10 Reasons Why Oregon Has the World’s Best Marijuana Legalization

I should really keep my mouth shut about this if I don’t want to see a massive influx of Green Rush immigrants driving up our housing costs. But I cannot, for I am so excited that in the wake of our legislature amending our marijuana legalization Measure 91, Oregon is left with the best marijuana legalization in the industrialized world!

As of July 1, Oregon’s Measure 91 allows adults 21 and older to possess an ounce of marijuana in public, a half-pound at home, a pound of marijuana-infused edibles, 4.5 pints of marijuana-infused liquids and an ounce of store-bought extracts.

Not “or” but “and”— we can possess all of that! (And I think that exclamation just won Conjunction Junction!)

2. There are No Marijuana Possession or Delivery Felonies for Adults

Not only are Oregon’s limits the greatest of any out of the four legal states, but Oregon also dropped the penalties for amounts over the limit.

You can have up to double the legal limit and only get a Class B Violation—a ticket and a fine with no criminal record for up to a pound of weed. You can have up to quadruple the legal limits—up to two pounds of weed—and it is only a Class B Misdemeanor. While Measure 91 made anything over quadruple the limit a Class C Felony, the legislature just reduced them all to Class A Misdemeanors.

Unlawful delivery of up to an ounce is a violation, over an ounce is a Class A Misdemeanor—meaning adults can’t get a felony for marijuana possession or delivery alone in Oregon, unless they try to take it out of Oregon to sell, that’s a Class C Felony.

3. No Marijuana Felonies for Minors Either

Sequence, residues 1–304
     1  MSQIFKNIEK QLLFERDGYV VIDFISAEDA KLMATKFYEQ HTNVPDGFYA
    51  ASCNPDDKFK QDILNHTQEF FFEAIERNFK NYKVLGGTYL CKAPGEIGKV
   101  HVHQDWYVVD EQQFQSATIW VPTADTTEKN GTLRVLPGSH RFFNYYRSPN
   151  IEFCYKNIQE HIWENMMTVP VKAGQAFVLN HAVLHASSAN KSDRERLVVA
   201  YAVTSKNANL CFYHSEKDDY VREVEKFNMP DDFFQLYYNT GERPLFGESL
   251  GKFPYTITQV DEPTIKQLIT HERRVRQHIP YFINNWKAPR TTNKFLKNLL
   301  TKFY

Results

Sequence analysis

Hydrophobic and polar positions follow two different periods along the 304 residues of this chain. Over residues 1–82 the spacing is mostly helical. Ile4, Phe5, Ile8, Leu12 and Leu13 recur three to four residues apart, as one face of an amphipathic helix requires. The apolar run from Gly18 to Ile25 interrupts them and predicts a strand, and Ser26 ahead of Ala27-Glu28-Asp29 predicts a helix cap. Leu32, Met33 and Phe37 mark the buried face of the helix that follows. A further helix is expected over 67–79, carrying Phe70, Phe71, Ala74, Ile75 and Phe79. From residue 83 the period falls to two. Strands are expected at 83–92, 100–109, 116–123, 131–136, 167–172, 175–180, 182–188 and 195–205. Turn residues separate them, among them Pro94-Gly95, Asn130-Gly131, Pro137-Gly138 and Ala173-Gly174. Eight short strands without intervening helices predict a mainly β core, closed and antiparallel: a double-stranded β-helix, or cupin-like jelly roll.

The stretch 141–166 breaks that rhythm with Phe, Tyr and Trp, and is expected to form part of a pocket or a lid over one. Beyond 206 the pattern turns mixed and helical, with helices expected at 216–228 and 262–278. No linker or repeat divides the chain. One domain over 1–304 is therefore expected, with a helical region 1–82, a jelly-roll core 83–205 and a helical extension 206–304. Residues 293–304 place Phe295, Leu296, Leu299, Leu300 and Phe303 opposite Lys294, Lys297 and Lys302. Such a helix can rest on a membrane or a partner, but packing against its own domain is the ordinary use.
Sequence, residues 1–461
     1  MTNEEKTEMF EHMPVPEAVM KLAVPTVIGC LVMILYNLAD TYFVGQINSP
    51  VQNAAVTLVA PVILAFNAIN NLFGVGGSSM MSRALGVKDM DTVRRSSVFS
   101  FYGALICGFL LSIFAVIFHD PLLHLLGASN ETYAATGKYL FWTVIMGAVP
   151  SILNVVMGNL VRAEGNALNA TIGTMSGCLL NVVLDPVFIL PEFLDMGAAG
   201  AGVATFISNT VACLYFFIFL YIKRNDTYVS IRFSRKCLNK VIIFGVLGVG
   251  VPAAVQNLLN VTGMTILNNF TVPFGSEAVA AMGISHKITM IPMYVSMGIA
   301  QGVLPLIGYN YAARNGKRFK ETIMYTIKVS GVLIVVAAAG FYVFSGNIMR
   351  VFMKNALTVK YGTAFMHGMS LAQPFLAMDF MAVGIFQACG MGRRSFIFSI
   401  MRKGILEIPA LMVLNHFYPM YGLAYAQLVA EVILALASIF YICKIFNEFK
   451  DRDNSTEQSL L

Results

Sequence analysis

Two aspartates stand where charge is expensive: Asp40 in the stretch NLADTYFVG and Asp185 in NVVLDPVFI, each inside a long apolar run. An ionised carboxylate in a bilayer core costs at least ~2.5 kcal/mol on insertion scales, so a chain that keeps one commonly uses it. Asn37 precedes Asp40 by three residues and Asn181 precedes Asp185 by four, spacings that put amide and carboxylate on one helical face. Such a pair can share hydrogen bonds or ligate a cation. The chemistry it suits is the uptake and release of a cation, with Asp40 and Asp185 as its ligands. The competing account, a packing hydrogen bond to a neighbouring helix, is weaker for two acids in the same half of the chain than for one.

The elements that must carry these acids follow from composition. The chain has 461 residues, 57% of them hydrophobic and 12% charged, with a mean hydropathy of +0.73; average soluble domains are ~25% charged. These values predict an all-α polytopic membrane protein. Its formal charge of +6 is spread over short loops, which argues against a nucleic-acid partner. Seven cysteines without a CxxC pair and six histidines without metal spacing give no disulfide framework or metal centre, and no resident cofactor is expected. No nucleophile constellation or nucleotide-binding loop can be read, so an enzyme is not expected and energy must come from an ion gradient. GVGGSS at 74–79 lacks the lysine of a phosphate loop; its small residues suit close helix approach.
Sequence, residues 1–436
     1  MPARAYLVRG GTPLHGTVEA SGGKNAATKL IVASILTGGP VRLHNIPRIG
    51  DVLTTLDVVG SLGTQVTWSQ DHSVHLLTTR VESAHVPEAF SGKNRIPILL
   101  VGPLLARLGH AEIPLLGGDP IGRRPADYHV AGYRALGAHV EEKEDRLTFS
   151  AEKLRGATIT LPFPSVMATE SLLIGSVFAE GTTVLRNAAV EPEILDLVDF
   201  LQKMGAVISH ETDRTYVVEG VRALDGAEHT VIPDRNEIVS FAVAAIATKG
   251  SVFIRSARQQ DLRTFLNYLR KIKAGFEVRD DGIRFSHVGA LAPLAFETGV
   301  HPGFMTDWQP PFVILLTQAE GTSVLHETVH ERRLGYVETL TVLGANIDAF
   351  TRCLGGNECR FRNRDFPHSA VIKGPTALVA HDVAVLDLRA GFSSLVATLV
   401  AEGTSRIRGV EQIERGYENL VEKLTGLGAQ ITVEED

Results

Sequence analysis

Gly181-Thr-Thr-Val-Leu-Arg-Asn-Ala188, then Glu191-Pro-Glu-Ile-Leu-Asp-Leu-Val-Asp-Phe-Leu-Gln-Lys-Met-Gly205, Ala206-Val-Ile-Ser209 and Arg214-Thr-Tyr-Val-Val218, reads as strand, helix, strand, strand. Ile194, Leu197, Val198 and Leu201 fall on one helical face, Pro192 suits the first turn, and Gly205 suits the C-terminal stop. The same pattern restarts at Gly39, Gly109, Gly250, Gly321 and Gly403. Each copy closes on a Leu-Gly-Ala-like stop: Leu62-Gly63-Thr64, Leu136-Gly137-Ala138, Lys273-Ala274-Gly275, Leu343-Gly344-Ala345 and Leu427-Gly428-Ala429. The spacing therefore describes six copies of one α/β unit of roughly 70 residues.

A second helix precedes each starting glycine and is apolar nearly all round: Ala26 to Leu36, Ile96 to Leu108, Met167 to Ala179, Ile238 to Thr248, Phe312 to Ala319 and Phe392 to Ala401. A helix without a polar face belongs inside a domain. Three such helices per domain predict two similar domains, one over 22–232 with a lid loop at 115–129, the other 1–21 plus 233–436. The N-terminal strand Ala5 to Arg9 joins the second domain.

The de-penalization by the legislature also took up the case for people under 21, who now are only ticketed for possession of up to an ounce or face a Class B Misdemeanor for possession of up to a half-pound of pot, up to a pound of edibles and up to 4.5 pints of liquids. Any amounts over those are a Class A Misdemeanor.

However, we’re still protecting kids; adult (age 21+) delivery to minors (under 18) is still a Class C Felony and unlawful cultivation or delivery within 1,000 feet of a school is a still a Class A Felony.

4. We Can Grow Our Own Marijuana, Even Near Schools

It’s unlawful cultivation near a school that’s a felony. The legislature explicitly protected our possession, processing and home grow rights near schools, which is four marijuana plants per household.

Colorado does allow six but only three may be mature, and Washington doesn’t allow any home-grow at all. Alaska kicks all our butts with 25 plants in a home, but that’s thanks to a 1975 Alaska Supreme Court decision related to constitutional privacy—not the 2014 legalization statute.

5. You Can Legally Have a Pound of Hash

Measure 91 originally defined marijuana extracts as those concentrates manufactured with butane, hexane, propane, isopropyl alcohol, ethanol or carbon dioxide, while remaining unclear about ice water hash, bubble hash, finger hash, rosin and kief. The legislature cleared that up, creating a new designation of “concentrates” that are products made by mechanical or non-hydrocarbon extraction techniques.

So butane, propane and hexane hash oils are still extracts with a one-ounce limit, but everything else (except CO2 extracts that also use high heat and pressure) are now concentrates with a one-pound possession limit, and no amount that can get you a felony.

6. Quickest to Recreational Marijuana Sales

There’s a bill on the governor’s desk, likely to be signed, that will allow many of our 250+ medical marijuana dispensaries to sell to all adults starting October 1. That will be three months from legality to sale. Colorado took 12 months, and Washington took 18 months.

However, they’ll only be selling up to a quarter ounce of flower, seedlings and seeds to non-medical customers—adults won’t be able to buy edibles, concentrates, liquids or extracts until the recreational stores open.